By the mid-1990s, there was no more room for Mazal’s collection in his home in San Antonio, Texas, where he had moved with his family. So Mazal built an addition to his house, which proved inadequate even before it was completed. He later added two more expansions, bringing the total space dedicated to his in-home Holocaust library to 3,000 square feet. It became one of the largest privately held collections in the world, according to Lipstadt, the Holocaust historian who was sued by Holocaust denier David Irving in 2000. Mazal even kept some bone fragments collected at Auschwitz in a glass case on his desk (his daughter later buried them).
As Mazal’s collection grew, he enlisted help. That ultimately led to one of his most devastating discoveries: that someone working for him was stealing one-of-a-kind materials and illicitly selling them online. Mazal, who by the time of the discovery was ill with cancer, mounted a sting operation to find the perpetrator.
Ultimately, a young man named Mansal Denton who had volunteered at Mazal’s Holocaust library was arrested in January 2011 and charged with stealing some 17,000 pages of documents valued at $100,000 to $200,000. Last June, Denton was sentenced to eight years in prison. Some of the material Denton pilfered still has not been recovered.
The Denton theft underscored the need to find a proper home for the collection, especially after Mazal’s death in 2011, when it became clear his family wouldn’t keep the big house. Skillin considered selling the materials, whose value was estimated at $1 million to $1.5 million, but she didn’t want the collection to be broken up.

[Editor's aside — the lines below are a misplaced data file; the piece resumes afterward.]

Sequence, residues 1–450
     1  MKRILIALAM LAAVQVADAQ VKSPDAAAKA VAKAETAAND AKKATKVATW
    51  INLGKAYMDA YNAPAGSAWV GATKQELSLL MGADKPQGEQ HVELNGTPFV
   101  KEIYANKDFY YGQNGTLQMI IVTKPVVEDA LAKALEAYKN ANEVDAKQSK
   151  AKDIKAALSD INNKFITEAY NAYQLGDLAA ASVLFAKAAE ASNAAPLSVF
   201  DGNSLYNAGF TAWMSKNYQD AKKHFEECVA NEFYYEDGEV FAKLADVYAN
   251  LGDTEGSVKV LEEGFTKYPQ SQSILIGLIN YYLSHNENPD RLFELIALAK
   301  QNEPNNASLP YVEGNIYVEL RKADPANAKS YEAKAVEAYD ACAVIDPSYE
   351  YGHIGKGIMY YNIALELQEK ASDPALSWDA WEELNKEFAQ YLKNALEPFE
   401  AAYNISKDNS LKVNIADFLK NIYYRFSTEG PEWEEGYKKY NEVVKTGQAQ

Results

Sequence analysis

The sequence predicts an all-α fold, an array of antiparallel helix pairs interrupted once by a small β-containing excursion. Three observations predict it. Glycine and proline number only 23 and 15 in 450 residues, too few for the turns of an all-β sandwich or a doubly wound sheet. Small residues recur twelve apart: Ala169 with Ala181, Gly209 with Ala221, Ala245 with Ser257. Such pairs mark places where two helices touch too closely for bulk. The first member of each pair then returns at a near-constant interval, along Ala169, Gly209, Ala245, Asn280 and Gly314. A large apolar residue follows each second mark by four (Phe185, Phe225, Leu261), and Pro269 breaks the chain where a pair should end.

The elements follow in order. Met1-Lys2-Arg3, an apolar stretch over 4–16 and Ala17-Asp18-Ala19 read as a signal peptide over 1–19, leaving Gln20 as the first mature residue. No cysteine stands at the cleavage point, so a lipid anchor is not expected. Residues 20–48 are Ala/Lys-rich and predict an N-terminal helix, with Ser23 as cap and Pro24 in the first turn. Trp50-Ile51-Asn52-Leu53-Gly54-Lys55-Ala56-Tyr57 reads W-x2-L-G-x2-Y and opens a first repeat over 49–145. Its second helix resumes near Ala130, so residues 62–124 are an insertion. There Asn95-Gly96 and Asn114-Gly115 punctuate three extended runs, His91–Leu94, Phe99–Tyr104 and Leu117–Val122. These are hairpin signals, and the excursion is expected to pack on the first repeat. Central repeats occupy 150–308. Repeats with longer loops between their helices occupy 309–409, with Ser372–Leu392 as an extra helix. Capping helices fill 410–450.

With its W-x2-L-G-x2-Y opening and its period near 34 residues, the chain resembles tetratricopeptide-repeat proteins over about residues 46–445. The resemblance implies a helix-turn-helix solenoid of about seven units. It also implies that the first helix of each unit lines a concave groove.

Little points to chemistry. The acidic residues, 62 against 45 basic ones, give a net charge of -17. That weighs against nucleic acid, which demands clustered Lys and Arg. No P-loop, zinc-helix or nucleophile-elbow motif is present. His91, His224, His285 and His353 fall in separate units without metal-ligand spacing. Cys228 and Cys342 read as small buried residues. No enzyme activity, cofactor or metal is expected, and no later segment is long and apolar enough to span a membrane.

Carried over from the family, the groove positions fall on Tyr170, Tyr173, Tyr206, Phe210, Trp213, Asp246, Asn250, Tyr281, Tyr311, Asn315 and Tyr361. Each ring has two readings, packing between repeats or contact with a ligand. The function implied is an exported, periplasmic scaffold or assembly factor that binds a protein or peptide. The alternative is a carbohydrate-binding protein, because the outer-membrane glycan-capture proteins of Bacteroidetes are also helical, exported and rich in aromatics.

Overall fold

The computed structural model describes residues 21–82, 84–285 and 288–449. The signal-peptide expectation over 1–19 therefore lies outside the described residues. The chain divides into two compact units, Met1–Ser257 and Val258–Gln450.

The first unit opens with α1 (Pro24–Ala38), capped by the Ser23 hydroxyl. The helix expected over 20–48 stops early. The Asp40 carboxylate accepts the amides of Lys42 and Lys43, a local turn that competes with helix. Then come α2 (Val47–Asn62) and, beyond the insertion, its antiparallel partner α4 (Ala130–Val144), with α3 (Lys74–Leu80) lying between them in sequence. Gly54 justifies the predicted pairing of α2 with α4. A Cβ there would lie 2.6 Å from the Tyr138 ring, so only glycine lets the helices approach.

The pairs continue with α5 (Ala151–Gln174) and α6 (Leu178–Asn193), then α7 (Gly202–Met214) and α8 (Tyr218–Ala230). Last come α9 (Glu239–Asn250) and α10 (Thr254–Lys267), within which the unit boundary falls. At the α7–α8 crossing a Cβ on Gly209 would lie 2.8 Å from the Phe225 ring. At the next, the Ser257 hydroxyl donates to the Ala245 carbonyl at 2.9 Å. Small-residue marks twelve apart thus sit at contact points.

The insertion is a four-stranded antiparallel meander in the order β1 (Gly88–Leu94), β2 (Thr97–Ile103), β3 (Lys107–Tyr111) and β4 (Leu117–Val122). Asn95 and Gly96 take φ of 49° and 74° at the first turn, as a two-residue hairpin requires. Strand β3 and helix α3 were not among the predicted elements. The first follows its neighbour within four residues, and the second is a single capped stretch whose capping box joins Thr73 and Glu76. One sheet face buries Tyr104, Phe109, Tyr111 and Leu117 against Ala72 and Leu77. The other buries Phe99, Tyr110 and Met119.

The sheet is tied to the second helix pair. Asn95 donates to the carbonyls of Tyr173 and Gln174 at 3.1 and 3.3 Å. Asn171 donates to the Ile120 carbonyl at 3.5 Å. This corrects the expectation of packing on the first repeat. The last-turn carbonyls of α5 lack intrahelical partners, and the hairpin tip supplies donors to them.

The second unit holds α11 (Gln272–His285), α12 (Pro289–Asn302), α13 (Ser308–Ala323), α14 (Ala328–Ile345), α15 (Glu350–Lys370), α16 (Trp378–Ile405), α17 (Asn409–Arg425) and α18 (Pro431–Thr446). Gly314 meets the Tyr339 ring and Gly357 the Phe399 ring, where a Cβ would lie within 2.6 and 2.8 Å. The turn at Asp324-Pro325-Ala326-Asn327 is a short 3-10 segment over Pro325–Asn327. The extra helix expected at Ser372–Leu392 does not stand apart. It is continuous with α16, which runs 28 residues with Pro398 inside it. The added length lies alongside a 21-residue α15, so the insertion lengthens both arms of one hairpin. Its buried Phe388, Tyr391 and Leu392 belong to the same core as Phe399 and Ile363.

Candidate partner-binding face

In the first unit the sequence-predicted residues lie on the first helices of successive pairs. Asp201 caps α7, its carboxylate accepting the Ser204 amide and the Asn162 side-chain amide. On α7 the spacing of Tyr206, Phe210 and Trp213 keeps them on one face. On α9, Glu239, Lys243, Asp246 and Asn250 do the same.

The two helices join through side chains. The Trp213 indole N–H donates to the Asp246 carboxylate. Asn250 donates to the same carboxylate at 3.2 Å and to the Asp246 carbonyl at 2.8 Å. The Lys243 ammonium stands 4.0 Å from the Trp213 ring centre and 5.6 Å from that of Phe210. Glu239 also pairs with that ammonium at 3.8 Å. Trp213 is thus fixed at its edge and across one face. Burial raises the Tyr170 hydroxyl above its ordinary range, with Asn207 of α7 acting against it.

While planning to move her own family to Boulder, Skillin, who is an interpreter and social media consultant and is raising her children as Jews, was introduced to Shneer. In 2011, Shneer had helped bring the collection of Rabbi Zalman Schachter-Shalomi, the father of the Jewish Renewal movement who died last summer, to the University of Colorado.
Skillin and Shneer hit it off, but with Skillin’s imminent plans to sell her San Antonio home, Shneer had to act fast. When he flew to San Antonio to examine the collection, he only had 24 hours or so to figure out what to do with it, he recalls.
Eventually, a small portion of the collection went to Texas A&M University-San Antonio, including about 8,300 books. The rest was packed into 367 boxes and trucked to Boulder.
In the months since, Shneer has been overseeing a team of student interns and graduate students cataloging and digitizing the collection in a windowless office in the bowels of the university library.
Schneer says it has been challenging not just to figure out what’s in the trove, but how to deal with the copious collection of Holocaust-denial and pro-Nazi material, including literature produced by the American Nazi Party beginning in the 1930s.
“We have to think about how we deal with Holocaust denial literature,” Shneer said. “Libraries are afraid of the material. We can’t just put it on shelves without context. How do we deal with this?”
Once the Mazal collection is categorized and digitized, the university plans to make it accessible to researchers all over the world by putting it online. Some of the collection’s 20,000 books will end up on the library’s shelves. Rare and one-of-a-kind volumes will be preserved in the university’s 60,000-square foot archive.